The analysis was based on the cohort data from March 2020 through August 2022. Each patient’s data were formatted into a dataset with one record per person month of follow-up. Each person-month (PM) record contained information on the treatments that the patient received that month, the most recent measure of disease activity, the time since vaccination and whether they experienced an episode of COVID-19 in that month. Some patients missed quarterly visits. If the time between two clinic visits exceeded 1 year, the clinical information for time-varying predictors was coded as missing after 1 year and the subsequent follow-up was excluded from the analysis. In addition, some predictor variables (eg, income) had missing values. Those with missing values were excluded from the analysis of those variables. Generally, this occurred <5% of the time.
To assess the association between exposures (eg, corticosteroid use) and risk of incident COVID-19 infection, we compared subgroups of follow-up months with respect to the proportion with an incident infection. Some quantitative predictors were categorised in multiple subgroups to provide information on whether the relationship between the predictor and rates observed a monotonic or threshold association. These categories were chosen prior to examining the outcomes.
The statistical significance of observed differences was assessed using logistic regression models fit by generalised estimating equations to account for the fact that some participants were infected with COVID-19 more than once. Multivariable models were fit to examine associations controlling for potential confounding.
Patient and public involvement
Patients and/or the public were not involved in the design, or conduct, or reporting, or dissemination plans of this research.
The analysis was based on 24 629 person-months of follow-up from 1052 different patients. The number of follow-up months per patient ranged from 1 to 33 months, with a median of 28 months. During the follow-up there were 339 different episodes of incident COVID-19 infection from 319 different patients. The rate of infection was 1.38% per person-month.
Table 1 shows the rate of infection by demographics and by vaccination phase. In our cohort, the rate was significantly lower among those over 45 years of age. There was no strong difference observed by other demographic variables. The rate of infection was highest in the most recent pandemic phase. There was a significant protective effect of the vaccination, except for during the most recent pandemic phase.
Table 2 shows the relationship between prospectively measured clinical variables and rate of COVID-19 infection. We did not observe a statistically significant difference in rate of infection in subgroups defined by the most recently measured SLE-related clinical variables such as total SLE disease activity, renal or haematological disease activity or serological markers.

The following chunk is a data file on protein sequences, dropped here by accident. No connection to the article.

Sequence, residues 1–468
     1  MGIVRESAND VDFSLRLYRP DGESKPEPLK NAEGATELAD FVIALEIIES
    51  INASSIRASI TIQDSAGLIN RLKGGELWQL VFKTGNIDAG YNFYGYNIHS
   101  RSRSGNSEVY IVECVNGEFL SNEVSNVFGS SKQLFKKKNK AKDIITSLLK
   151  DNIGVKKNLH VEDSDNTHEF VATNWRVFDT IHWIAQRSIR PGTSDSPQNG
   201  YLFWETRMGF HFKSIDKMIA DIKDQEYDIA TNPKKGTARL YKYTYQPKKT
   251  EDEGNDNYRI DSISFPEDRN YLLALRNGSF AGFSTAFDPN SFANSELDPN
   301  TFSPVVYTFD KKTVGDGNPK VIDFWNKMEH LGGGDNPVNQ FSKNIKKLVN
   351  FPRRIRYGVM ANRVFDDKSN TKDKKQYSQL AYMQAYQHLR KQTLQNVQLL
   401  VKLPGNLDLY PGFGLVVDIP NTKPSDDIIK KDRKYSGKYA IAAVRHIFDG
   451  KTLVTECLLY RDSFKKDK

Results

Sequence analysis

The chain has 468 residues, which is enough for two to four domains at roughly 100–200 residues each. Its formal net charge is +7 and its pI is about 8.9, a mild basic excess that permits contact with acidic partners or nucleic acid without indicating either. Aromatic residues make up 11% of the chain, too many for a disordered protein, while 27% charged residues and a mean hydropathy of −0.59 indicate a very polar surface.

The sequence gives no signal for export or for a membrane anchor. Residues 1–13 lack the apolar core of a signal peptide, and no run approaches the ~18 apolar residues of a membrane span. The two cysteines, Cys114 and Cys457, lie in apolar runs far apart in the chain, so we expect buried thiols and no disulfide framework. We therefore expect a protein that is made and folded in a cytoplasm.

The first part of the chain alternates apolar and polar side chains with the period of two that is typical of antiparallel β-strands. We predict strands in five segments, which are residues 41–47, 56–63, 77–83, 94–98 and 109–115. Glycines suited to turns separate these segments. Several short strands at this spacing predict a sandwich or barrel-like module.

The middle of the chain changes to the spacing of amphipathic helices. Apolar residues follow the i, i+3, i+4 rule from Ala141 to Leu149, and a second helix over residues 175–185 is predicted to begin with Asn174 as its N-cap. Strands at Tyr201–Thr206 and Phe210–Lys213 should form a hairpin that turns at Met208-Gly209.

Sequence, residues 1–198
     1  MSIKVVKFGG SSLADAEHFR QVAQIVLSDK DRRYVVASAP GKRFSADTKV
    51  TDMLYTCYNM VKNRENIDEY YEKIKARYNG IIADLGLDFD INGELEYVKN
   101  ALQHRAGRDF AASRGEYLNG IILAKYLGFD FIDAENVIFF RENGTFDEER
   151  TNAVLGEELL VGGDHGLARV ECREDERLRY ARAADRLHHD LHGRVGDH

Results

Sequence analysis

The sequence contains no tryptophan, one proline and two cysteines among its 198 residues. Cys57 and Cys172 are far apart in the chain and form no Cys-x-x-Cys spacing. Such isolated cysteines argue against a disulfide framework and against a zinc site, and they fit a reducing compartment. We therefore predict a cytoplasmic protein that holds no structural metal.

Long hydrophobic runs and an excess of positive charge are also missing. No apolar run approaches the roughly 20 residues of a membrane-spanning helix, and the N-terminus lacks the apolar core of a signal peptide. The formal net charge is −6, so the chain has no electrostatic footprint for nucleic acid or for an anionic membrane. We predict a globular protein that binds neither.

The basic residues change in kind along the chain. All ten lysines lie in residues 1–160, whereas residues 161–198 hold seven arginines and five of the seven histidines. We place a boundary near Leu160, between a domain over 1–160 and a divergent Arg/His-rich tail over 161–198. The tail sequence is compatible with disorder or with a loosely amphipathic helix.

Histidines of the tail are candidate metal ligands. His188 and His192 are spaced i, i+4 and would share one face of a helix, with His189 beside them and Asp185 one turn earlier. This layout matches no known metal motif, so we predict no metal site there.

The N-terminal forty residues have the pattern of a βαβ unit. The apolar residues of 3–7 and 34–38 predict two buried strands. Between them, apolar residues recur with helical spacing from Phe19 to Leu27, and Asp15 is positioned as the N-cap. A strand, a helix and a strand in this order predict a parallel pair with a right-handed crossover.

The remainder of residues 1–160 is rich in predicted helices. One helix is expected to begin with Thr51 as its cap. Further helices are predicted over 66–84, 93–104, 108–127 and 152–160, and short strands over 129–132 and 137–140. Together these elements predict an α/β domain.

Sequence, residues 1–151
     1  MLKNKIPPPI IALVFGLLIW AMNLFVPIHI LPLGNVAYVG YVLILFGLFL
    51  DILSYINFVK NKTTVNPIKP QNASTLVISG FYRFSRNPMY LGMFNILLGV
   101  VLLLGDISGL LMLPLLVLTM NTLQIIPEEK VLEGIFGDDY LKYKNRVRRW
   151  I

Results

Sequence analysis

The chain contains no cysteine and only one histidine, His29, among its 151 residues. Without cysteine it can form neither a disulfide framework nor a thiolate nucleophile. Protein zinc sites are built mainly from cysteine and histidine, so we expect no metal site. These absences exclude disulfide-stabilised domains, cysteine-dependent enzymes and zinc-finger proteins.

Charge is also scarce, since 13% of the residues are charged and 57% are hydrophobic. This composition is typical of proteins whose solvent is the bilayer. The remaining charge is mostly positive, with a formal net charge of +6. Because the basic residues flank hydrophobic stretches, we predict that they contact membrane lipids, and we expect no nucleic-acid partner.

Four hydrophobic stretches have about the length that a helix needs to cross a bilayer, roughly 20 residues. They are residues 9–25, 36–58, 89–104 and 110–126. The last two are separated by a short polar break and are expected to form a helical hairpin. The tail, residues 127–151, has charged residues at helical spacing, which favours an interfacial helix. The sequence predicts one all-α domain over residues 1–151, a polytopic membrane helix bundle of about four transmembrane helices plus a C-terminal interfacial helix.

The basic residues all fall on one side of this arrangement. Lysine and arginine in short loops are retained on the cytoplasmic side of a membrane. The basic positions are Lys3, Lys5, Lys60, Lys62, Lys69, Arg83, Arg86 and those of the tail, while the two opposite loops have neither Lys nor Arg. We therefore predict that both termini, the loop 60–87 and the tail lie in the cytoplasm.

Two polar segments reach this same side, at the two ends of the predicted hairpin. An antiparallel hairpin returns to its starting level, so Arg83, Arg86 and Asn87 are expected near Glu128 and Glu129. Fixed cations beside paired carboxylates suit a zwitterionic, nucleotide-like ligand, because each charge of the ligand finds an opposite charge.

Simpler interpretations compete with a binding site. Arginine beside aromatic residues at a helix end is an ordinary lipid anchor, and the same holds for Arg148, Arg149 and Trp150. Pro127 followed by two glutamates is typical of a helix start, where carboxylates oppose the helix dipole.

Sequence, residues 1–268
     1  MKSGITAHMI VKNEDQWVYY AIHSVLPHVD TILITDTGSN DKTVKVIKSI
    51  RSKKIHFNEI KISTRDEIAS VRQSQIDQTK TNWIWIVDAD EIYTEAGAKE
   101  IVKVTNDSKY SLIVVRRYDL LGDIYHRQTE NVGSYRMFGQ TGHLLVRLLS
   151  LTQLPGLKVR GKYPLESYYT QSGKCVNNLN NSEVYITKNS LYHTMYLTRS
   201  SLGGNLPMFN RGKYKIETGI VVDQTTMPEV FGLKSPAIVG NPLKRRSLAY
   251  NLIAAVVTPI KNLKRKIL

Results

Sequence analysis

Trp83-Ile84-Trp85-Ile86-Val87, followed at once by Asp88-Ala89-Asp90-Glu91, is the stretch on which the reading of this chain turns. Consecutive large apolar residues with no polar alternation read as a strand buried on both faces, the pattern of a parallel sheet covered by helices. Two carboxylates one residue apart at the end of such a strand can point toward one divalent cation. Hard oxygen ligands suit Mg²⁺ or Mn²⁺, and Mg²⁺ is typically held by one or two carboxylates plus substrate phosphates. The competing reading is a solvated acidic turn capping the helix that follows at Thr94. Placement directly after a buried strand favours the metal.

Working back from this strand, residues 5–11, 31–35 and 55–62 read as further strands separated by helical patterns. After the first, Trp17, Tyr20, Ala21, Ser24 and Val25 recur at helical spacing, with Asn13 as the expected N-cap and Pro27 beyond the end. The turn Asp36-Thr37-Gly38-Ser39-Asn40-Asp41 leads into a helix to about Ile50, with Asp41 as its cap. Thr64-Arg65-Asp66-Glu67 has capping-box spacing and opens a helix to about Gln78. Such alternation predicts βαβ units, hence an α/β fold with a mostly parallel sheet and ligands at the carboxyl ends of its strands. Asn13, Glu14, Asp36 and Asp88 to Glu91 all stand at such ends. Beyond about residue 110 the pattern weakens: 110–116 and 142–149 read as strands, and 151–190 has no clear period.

Tables 3 and 4 show the rate of infection in subgroups of months defined by current treatments. There was no evidence of an association between either corticosteroid use or hydroxychloroquine and COVID-19 incidence. There was a surprisingly significant lower risk of COVID-19 infection among those on diuretics. We observed a significantly increased risk of COVID-19 infection among those taking either belimumab or tacrolimus.
To assess whether the observed associations (or lack of associations) seen in the univariate analyses could have been due to confounding by related variables, we fit two multivariate models (table 5). The first model focused on the association between corticosteroids and rate of infection controlling for age, pandemic phase, vaccination, SLE disease activity and taking other immunosuppressants. This model provided no evidence of an increased risk of COVID-19 infection with either low or higher dose of corticosteroids. The second model was fit to tease out the independent effect of some of the immunosuppressants that are sometimes used in combination, adjusting for age, pandemic phase, vaccination and disease activity. After adjusting for these variables and other immunosuppressants, the association between COVID-19 and exposure to either belimumab or tacrolimus were no longer statistically significant.
In our SLE cohort, we did not observe strong evidence of an increased risk of COVID-19 infection among patients receiving corticosteroids. However, the CI for the rate ratio among those with corticosteroid doses exceeding 7 mg/day ranged from 0.67 to 1.82, indicating that we cannot rule out the possibility of a moderate increase in risk in this group. These findings regarding corticosteroids are reassuring, given previous studies that found a strong association between corticosteroid use and major infections in SLE.4 6 7 These findings are consistent with the findings of Adir et al,11 who found no evidence of an increased rate of COVID-19 positivity among patients with asthma taking corticosteroids. Our findings are also consistent with Patil et al,14 who observed similar rates of corticosteroid use among patients with and without a positive COVID-19 test in a large prospective cohort of patients with autoimmune rheumatic diseases in India. However, both Adir et al and Patil et al and several other studies11 14–16 observed an association between corticosteroid use and greater COVID-19 severity or mortality among those with COVID-19 infection. We did not have data on severity and death.